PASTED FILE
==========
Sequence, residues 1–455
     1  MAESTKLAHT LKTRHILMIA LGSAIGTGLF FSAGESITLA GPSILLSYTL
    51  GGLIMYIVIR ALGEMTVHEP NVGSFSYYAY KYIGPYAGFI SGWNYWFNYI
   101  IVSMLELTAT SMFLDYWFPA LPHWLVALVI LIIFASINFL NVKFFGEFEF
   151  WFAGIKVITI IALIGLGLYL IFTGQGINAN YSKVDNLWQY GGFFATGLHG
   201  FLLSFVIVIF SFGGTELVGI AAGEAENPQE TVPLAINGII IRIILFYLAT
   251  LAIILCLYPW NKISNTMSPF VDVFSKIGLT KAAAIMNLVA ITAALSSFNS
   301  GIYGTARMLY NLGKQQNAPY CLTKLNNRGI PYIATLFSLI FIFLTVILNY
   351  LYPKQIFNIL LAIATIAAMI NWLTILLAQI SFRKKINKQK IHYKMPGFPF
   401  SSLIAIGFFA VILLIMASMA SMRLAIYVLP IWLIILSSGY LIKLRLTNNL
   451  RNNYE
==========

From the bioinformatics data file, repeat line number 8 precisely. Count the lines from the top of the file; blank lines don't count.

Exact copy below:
   301  GIYGTARMLY NLGKQQNAPY CLTKLNNRGI PYIATLFSLI FIFLTVILNY